In the first place there are likenesses or copies — such as statues, pictures, emblems, hieroglyphics, and the like.  Such representations stand for their objects only so far as they have an actual resemblance to them — that is agree with them in some characters.  The peculiarity of such representations is that they do not determine their objects — they stand for anything more or less;  for they stand for whatever they resemble and they resemble everything more or less.  (Peirce 1866, Lecture 7, 467).

Let’s say we look inside a triadic sign relation $L \subseteq O \times S \times I$ and we notice a triple $(o, s, i)$ where $o$ and $s$ have a character $\chi$ in common.  We may quite naturally be tempted to make a further leap and suppose the sign $s$ receives the interpretant sign $i$ precisely by virtue of the character $\chi$ shared by $o$ and $s.$  I know that looks like a lot of supposing but the fact is we do the like all the time without hardly giving it a second thought.  But critical reflection demands we bat an $i$ and give it second and third thoughts.

The catch is tucked away in Peirce’s last sentence.  “The peculiarity of such representations is that they do not determine their objects — they stand for anything more or less;  for they stand for whatever they resemble and they resemble everything more or less.”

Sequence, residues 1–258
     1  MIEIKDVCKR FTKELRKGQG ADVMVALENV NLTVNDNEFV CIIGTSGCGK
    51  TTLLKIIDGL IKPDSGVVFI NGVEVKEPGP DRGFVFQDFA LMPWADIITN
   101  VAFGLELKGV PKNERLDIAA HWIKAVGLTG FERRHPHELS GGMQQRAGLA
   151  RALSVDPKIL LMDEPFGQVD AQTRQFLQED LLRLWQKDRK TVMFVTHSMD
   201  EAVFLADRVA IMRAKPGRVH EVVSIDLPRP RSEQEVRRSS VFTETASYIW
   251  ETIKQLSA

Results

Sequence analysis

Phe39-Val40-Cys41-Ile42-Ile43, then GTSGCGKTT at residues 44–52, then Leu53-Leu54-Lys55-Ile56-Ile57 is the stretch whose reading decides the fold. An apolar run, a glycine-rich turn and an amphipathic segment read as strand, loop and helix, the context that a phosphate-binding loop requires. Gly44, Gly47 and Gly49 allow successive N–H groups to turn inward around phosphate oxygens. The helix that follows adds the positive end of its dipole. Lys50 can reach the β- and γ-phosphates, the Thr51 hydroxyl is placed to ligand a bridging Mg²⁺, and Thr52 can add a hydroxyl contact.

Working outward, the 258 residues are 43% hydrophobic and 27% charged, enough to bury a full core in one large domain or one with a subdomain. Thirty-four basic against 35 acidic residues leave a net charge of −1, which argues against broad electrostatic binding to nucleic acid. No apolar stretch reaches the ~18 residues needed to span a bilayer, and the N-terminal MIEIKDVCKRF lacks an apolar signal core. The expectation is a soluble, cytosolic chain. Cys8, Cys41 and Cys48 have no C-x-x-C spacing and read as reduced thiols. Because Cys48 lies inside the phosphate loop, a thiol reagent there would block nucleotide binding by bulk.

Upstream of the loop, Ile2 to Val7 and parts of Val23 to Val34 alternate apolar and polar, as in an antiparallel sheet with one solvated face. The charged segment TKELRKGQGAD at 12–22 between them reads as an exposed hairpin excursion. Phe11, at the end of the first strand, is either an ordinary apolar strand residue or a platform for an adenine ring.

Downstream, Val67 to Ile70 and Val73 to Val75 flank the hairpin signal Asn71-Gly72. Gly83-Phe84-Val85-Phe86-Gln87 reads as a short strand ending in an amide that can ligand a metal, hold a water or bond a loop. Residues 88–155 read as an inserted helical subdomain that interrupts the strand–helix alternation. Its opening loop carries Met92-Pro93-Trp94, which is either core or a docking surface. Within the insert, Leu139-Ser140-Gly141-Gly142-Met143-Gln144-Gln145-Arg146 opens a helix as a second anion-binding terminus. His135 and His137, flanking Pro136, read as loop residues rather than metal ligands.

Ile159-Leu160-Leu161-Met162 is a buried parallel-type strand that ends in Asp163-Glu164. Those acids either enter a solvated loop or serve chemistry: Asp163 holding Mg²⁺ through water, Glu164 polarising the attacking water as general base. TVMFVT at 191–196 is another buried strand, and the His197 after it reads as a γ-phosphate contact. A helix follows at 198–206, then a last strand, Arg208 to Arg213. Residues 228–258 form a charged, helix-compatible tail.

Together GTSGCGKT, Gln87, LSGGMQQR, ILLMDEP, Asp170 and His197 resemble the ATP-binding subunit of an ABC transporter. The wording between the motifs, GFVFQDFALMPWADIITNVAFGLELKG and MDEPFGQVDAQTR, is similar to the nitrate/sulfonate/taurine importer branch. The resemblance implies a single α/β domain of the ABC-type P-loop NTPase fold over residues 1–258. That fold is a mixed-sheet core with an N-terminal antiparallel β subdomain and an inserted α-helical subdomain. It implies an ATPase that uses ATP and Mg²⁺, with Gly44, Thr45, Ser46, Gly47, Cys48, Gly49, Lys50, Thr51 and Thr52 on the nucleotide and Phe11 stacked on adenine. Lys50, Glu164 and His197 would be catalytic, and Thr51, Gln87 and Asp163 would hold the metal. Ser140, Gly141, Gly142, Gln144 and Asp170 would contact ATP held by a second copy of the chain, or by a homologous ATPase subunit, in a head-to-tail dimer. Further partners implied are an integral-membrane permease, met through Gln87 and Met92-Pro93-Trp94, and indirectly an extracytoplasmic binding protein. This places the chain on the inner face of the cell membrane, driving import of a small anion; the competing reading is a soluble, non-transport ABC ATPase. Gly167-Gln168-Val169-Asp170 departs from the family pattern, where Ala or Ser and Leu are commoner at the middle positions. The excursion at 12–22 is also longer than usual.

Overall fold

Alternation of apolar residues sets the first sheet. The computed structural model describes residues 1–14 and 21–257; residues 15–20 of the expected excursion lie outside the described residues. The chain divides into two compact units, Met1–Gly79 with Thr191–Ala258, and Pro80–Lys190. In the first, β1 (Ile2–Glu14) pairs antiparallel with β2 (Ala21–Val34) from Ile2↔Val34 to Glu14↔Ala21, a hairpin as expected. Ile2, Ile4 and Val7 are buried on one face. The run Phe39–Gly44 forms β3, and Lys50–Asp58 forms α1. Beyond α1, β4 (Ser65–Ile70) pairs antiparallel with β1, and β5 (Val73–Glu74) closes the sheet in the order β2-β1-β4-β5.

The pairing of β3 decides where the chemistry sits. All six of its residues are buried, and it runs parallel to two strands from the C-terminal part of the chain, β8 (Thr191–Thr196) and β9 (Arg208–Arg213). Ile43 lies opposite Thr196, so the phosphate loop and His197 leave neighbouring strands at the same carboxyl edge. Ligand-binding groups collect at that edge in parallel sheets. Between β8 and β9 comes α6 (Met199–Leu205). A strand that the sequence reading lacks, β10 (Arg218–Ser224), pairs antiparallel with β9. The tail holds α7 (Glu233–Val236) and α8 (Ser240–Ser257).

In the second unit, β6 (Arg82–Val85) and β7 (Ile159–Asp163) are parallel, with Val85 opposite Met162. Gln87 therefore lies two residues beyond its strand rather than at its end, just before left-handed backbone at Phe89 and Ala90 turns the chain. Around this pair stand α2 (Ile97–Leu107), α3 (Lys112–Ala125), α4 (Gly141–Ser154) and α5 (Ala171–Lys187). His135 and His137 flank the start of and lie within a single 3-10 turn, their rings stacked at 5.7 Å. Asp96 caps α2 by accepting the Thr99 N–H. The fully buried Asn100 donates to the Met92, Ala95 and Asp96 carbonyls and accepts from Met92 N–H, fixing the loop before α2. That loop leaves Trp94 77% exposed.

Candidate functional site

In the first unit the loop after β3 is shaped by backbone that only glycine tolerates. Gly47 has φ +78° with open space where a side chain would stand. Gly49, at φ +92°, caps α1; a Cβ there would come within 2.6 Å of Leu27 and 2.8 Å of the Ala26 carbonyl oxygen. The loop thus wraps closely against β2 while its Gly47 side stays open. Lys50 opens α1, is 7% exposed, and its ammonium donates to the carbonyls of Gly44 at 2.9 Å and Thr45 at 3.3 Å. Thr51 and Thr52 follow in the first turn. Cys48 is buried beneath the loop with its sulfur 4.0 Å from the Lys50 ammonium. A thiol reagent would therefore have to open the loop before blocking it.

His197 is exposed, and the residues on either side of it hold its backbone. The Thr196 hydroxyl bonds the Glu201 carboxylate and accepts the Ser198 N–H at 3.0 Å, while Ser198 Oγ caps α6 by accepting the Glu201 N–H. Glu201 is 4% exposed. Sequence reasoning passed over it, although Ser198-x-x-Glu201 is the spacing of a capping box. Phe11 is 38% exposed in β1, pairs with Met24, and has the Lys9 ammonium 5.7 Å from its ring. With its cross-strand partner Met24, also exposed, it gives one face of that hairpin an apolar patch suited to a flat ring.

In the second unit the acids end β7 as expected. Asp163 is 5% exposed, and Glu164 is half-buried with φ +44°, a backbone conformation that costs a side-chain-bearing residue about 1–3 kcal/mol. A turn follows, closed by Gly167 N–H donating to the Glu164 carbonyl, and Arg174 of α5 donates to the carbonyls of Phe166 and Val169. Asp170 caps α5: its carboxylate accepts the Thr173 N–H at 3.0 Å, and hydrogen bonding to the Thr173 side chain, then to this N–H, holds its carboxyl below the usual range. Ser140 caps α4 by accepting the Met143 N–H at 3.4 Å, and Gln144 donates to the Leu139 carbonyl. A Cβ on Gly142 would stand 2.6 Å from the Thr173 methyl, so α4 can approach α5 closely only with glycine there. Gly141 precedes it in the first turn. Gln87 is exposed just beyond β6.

There may be a lot of characters shared by $o$ and $s$ in a given environment or universe of discourse, any selection of which may account for the linking of $o$ and $s$ to $i.$  As long as we remain content to operate in a theoretical vacuum devoid of empirical grounding, who’s to say any number of them do not qualify?

But a question arises when we use a sign relation $L$ to model an empirical system of interpretive practice, whether its agent is a single individual or a whole community of interpretation.  The question is — Do the characters we mark as effective in our model actually do the job for the agent?

An icon denotes its objects by virtue of qualities it shares with its objects.  But icons are icons solely because they are interpreted as icons, by dint of particular qualities chosen from many by the very process of interpretation in view.  This gives us a glimmer of the interpretive character of sign typing, that sign typologies are not absolute but relative to the sign relation at hand.  To paraphrase William James — The trail of the hermeneutic serpent is over all.

### Reference

• Peirce, C.S. (1866), “The Logic of Science, or, Induction and Hypothesis”, in Writings of Charles S. Peirce : A Chronological Edition, Volume 1 (1857–1866), Peirce Edition Project, Indiana University Press, Bloomington and Indianapolis, IN, 1982.  Lowell Lectures of 1866, 357–504.

## Sign Relations, Triadic Relations, Relation Theory • Discussion 9

Once, there was nothing there, nothing moving on its own, just data and people shuffling it around.  Then something happened, and it … it knew itself.

William Gibson • Count Zero (1) (2)

Continuing a discussion on the generative power of symbols (1) (2).

Here’s the skinny on the big three types of signs.  Despite its simplicity, or maybe because of it, the larger implications for the interpretive character of sign typing still go widely missed.